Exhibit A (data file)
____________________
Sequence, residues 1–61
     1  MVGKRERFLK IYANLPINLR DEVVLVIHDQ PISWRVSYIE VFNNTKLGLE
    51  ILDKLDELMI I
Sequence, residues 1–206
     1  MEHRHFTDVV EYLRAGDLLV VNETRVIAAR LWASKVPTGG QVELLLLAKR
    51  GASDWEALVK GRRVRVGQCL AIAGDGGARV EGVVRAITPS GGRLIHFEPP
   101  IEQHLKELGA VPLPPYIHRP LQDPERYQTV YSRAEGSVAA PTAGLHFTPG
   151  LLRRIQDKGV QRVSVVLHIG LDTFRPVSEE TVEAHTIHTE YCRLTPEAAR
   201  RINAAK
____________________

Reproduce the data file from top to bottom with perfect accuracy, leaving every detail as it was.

Sequence, residues 1–61
     1  MVGKRERFLK IYANLPINLR DEVVLVIHDQ PISWRVSYIE VFNNTKLGLE
    51  ILDKLDELMI I
Sequence, residues 1–206
     1  MEHRHFTDVV EYLRAGDLLV VNETRVIAAR LWASKVPTGG QVELLLLAKR
    51  GASDWEALVK GRRVRVGQCL AIAGDGGARV EGVVRAITPS GGRLIHFEPP
   101  IEQHLKELGA VPLPPYIHRP LQDPERYQTV YSRAEGSVAA PTAGLHFTPG
   151  LLRRIQDKGV QRVSVVLHIG LDTFRPVSEE TVEAHTIHTE YCRLTPEAAR
   201  RINAAK